- By Joshua Keating
Joshua Keating is associate editor at Foreign Policy and the editor of the Passport blog. He has worked as a researcher, editorial assistant, and deputy Web editor since joining the FP staff in 2007. In addition to being featured in Foreign Policy, his writing has been published by the Washington Post, Newsweek International, Radio Prague, the Center for Defense Information, and Romania's Adevarul newspaper. He has appeared as a commentator on CNN International, C-Span, ABC News, Al Jazeera, NPR, BBC radio, and others. A native of Brooklyn, New York, he studied comparative politics at Oberlin College.
In the category of least-surprising news of the weekend, Turkmenistan President Gurbanguly Berdimuhamedov was reelected with 97 percent of the vote. The remaining three percent was spread among seven "opposition" candidates who spent most of the campaign lavishing praise on the former dentist.
Berdimuhamedov seems to have gained some support, or at least some confidence, since 2007 when he was elected with 89 percent of the vote following the death of his predecessor and mentor Saparmurat Niyazov. It doesn’t quite match Niyazov’s 99.5 percent in 1992, but it puts him well ahead of regional peers like Uzbekistan’s Islam Karimov and Kazakhstan’s Nursultan Nazarbayev, who won the comparatively paltry totals of 90.77 percent and 80.7 percent respectively in their most recent reelections.
In today’s world, even the most blatantly undemocratic governments feel the need to hold periodic elections to reaffirm their legitimacy. But I’m always interested by the final numbers in elections where there’s absolutely no question of who will win. The 90 percent mark seems to be a useful line to distinguish between the authoritarian governments that care about the international perception of their elections and want to present the appearance of having an opposition, and those that care only about demonstrating their absolute control to their own citizens.
While neither is a democratic contest, there is a difference — in intended effect at least — between Hosni Mubarak getting 88.6 percent of the vote in 2005 and Bashar al-Assad getting 97.62 percent in a “presidential referendum,” with no opposition candidates, as he did in 2007. Then there’s the 99 percent club, which includes the Castro brothers, and Kim Jong Il. Saddam Hussein went for the full 100 percent in 2002, but then again, he was overthrown a year later. (Why a dictator decides between winning by 97 percent or 99 percent isn’t quite clear.)
In general, when a former 90-percenter start slipping below that mark – as Mubarak did in 2005 — it’s not a good sign for the future of the regime. The Communist Party of the Soviet Union won 100 percent in every legislative election until 1984, when the party, led by General Secretary Konstantin Chernenko, won 71.5 percent, with the rest going to handpicked “independents.” Seven years later the Communists were done.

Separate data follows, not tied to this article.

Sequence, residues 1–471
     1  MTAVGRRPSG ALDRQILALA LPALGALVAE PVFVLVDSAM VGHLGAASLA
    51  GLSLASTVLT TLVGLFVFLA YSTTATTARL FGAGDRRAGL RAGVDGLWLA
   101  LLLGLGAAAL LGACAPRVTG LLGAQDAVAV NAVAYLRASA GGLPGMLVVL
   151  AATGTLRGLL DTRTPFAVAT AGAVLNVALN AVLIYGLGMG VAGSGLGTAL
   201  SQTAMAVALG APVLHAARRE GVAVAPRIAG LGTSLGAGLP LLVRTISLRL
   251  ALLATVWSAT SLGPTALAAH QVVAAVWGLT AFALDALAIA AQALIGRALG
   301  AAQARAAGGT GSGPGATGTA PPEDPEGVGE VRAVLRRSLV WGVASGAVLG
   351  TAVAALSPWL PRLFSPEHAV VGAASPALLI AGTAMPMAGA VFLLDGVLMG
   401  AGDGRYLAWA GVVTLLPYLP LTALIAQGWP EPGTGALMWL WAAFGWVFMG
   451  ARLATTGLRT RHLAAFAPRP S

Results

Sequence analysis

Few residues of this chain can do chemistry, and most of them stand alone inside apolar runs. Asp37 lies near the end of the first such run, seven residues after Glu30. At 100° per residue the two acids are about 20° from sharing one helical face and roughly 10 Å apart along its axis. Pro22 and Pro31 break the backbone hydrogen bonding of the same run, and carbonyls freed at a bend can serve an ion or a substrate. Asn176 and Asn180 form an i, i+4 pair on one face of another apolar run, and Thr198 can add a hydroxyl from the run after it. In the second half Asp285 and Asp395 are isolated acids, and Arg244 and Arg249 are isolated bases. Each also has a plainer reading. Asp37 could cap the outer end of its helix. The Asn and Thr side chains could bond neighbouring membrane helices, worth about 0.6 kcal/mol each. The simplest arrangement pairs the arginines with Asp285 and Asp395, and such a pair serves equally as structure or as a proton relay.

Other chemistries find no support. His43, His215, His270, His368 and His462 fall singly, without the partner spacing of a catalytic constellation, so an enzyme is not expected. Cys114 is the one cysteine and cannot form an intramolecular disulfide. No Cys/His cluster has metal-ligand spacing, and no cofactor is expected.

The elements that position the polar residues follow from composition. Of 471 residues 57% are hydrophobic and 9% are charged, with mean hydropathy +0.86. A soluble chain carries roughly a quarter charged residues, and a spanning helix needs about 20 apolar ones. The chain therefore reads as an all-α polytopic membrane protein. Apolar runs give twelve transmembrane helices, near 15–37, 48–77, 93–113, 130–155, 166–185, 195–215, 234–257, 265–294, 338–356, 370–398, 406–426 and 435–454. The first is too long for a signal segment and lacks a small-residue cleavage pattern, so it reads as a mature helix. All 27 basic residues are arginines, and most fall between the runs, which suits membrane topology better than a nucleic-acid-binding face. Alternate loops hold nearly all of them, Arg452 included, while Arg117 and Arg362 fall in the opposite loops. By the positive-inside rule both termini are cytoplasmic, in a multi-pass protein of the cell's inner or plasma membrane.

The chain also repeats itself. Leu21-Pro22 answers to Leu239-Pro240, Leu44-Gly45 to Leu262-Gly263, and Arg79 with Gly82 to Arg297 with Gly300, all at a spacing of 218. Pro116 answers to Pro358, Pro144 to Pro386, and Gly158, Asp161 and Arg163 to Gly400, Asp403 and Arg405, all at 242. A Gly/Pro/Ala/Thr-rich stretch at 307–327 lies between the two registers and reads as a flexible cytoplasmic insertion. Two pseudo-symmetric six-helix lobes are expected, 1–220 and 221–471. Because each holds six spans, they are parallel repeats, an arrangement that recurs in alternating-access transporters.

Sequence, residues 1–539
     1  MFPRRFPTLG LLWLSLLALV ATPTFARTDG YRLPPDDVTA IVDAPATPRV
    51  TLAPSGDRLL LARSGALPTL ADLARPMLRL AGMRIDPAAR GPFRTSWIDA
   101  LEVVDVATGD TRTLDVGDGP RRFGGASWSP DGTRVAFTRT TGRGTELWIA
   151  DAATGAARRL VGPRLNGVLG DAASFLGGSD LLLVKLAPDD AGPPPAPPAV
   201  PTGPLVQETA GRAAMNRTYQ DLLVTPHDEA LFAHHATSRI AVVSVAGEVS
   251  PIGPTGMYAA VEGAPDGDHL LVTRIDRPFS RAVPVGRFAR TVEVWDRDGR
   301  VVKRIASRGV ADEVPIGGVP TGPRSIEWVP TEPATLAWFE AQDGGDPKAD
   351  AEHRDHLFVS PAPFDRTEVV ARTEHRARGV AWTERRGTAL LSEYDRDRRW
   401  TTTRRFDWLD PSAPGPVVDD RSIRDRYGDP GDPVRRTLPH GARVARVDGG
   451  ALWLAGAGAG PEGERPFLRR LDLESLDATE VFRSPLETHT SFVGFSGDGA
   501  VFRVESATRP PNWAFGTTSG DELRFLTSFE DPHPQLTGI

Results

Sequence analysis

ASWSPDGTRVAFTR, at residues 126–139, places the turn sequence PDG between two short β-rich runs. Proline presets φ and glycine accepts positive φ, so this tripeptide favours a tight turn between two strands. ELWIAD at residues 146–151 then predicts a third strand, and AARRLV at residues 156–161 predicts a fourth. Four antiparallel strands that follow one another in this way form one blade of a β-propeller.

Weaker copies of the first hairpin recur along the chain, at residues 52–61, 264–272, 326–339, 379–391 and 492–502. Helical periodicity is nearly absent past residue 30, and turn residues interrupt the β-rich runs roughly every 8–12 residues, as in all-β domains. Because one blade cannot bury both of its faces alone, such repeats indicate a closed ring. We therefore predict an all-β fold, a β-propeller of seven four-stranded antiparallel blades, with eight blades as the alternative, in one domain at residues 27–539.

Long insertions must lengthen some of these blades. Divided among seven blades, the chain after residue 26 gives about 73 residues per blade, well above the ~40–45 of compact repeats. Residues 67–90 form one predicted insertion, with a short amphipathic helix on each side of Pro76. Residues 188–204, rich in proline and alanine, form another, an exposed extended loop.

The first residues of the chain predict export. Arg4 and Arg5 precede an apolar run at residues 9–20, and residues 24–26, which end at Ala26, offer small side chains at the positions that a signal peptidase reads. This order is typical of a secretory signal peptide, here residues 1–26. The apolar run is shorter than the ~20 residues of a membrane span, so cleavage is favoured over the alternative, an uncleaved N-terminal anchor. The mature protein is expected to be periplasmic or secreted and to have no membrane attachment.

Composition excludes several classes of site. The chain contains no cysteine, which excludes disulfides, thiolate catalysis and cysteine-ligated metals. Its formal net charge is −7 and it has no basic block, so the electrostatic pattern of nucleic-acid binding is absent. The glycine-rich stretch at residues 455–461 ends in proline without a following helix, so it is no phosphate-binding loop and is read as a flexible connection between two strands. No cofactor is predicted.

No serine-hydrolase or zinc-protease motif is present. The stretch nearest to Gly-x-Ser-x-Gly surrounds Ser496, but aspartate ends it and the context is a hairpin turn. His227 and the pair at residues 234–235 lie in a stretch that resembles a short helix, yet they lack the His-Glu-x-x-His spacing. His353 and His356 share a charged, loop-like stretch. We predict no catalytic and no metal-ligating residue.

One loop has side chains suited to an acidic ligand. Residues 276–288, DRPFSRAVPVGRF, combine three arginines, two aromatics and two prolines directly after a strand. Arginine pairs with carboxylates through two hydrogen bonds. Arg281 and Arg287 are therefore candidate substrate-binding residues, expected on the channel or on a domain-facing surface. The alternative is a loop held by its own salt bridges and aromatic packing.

Today’s Russia is something of a hybrid. In the last legislative elections, the ruling United Russia party took 64.3 percent of the vote nationwide, the kind of number you see in an authoritarian country that feels the need to demonstrate that it has at least a token opposition. (Iran, for instance.) But in Chechnya, United Russia took a Turkmenistan-like 99.48 percent of the vote with 99.5 percent turnout — quite a show of support in a republic that recently saw a bloody nationalist uprising against Moscow.
Another related question: what’s the most lopsided victory in a national election generally considered democratic? Jacques Chirac beat Jean-Marie Le Pen with 82.21 percent of the vote in 2002 French presidential election, but that was a run-off after he had failed to break 20 percent in the first round. Same with Lech Walesa’s 74.3 percent in Poland’s first democratic election.
The winner among current democratic leaders – readers please correct me if I’m wrong – might be South Africa’s Jacob Zuma, who took 65.9 percent of the popular vote in 2009. This is slightly less than Nelson Mandela won in 1994, the first year black South Africans were allowed to vote.
The numbers can often be a bit lopsided in new democracies. India’s Congress Party, led by Jawaharlal Nehru, won 44.99 percent of the vote in India’s 1951 election, compared to only 3.29 percent for the second-place party.
In the first two U.S. presidential elections, George Washington ran unopposed and took 100 percent of the vote. James Monroe also ran unopposed in 1820. The most lopsided contested presidential election in U.S. history was Thomas Jefferson’s victory over Charles Cotesworth Pinckney in 1804. With a bit over 72 percent of the popular vote, (electors were chosen by state legislatures in 6 of the 17 states at that time), the author of the Declaration of Independence won with a higher percentage than Vladimir Putin or Mahmoud Ahmadinejad have ever managed to muster.
Question for readers: Has any national candidate ever won over 90 percent in a first-round election against real opposition without cheating? 80 percent?
Update: Several readers suggest the 2004 post-Rose Revolution Georgian presidential election in which Mikheil Saakashvili won 96 percent of the vote. The vote got a mostly clean bill of health from the OSCE.